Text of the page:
The role of the “left” defenders of the AFL-CIO bureaucracy was further demonstrated in the open mike session following the meeting. A supporter of the Socialist Equality Party spoke, insisting that the struggle against war required a clear political program. It had to be based on the international unity of the working class and directed against the capitalist profit system, he said. The first requirement was refusing to subordinate the antiwar movement to the Democratic Party. He went on to cite the disastrous results for the working class of the AFL-CIO’s alliance with the Democrats.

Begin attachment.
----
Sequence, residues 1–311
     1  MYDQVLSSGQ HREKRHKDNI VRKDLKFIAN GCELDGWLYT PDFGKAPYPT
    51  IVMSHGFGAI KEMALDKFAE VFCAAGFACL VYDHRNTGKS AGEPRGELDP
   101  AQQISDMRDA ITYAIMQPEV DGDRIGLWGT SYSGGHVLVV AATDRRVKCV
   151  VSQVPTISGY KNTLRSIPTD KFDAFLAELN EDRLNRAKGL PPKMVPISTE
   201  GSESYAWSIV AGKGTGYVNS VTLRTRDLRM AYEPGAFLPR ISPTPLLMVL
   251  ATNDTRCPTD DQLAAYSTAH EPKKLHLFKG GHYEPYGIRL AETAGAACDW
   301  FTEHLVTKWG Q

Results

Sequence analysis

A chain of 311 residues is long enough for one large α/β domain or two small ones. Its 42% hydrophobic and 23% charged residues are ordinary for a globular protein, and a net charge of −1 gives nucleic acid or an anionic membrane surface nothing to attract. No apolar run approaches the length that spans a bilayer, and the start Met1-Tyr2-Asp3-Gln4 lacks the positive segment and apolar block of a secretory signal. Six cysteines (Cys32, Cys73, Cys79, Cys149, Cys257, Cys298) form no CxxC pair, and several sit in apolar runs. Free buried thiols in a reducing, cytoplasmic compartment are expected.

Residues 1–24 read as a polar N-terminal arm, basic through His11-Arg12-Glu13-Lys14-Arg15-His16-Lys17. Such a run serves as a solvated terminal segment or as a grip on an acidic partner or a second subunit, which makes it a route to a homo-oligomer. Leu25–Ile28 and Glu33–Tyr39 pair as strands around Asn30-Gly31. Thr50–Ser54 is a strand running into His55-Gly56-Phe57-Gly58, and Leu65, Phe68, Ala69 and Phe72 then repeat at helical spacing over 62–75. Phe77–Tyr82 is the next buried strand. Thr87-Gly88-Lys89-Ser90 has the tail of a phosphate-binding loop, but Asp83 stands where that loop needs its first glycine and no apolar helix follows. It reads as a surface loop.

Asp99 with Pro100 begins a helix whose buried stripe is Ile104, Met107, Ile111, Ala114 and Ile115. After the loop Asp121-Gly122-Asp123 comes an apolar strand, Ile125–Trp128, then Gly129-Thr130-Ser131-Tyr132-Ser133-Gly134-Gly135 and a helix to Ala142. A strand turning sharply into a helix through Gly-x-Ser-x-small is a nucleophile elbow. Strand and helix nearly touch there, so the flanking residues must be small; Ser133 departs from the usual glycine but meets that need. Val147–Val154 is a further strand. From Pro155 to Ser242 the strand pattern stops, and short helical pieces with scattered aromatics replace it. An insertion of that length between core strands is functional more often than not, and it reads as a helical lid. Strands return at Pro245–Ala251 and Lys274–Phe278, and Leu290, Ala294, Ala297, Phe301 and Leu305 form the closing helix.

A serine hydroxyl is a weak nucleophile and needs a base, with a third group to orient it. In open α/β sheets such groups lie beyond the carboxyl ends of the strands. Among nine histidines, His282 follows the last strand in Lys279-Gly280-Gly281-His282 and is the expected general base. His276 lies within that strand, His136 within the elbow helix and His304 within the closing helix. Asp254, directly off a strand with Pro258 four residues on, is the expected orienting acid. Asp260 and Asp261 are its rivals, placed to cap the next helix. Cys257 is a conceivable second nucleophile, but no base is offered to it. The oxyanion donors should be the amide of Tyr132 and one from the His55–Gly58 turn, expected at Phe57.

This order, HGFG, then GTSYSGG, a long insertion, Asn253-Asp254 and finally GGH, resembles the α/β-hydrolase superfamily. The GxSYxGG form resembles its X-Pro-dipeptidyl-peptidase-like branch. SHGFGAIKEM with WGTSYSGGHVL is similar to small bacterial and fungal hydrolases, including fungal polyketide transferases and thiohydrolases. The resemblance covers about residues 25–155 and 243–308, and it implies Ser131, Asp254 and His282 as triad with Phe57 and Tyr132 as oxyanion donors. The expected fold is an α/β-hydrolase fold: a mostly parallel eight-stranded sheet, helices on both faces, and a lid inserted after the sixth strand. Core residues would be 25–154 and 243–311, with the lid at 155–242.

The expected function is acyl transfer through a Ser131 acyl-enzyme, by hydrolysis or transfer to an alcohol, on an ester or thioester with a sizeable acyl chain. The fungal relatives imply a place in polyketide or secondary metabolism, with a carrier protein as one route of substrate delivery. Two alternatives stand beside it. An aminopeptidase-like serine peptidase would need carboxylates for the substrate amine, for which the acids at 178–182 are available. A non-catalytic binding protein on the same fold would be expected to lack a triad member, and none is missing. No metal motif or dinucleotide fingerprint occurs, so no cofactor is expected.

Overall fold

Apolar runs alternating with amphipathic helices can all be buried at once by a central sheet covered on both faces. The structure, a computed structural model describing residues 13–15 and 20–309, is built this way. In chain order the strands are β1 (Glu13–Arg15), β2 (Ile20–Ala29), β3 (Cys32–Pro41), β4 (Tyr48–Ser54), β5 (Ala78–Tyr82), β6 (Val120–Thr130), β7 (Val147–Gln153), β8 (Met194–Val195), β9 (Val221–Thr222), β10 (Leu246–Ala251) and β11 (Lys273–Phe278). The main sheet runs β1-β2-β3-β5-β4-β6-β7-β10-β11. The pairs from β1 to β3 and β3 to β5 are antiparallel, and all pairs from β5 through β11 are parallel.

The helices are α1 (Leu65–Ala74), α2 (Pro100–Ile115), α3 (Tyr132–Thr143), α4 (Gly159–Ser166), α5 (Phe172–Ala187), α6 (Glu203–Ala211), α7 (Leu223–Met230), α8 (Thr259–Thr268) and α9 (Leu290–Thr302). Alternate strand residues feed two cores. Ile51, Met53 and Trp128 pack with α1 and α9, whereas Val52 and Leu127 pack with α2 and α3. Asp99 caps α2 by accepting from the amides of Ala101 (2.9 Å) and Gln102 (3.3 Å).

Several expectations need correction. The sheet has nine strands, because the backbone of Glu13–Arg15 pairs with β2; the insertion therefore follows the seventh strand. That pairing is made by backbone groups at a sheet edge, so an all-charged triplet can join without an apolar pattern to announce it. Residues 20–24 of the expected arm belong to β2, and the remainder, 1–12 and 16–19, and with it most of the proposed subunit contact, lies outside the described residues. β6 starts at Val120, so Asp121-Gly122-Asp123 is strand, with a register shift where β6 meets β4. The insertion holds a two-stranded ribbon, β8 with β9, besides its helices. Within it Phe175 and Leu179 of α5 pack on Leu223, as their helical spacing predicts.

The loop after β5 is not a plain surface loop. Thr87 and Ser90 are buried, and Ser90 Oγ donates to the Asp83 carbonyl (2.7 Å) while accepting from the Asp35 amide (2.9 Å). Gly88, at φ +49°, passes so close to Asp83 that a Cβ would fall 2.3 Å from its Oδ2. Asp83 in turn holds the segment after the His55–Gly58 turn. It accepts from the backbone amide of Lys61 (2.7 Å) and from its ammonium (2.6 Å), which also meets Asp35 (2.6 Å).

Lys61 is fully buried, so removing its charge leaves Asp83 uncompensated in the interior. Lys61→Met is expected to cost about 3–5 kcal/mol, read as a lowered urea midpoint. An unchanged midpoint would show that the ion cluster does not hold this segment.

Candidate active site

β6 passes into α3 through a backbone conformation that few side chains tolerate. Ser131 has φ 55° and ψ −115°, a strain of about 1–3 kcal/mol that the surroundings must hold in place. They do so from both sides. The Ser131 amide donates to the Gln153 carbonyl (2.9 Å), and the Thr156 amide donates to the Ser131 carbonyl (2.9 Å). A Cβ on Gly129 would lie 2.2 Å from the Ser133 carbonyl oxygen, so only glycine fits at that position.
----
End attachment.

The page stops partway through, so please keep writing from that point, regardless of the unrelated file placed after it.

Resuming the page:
As the union officials on the platform became increasingly nervous, the chair, Julie Hurwitz, director of the Law Center for Economic and Social Justice, intervened to ask the speaker to end his remarks. Benchich responded with a vigorous defense of the AFL-CIO’s orientation to the Democrats. “I learned a long time ago, you make your alliances where you can,” he declared. “The only way we are going to win this is by making alliances.” Not one of the pacifists and ex-radicals in attendance rose to oppose this perspective.

This advice is a trap that the working class and all serious opponents of imperialist war must reject. The fight against militarism requires in the first place that the working class adopt an independent and critical stance, opposing the profit system, the big business parties and their defenders and apologists in the AFL-CIO bureaucracy.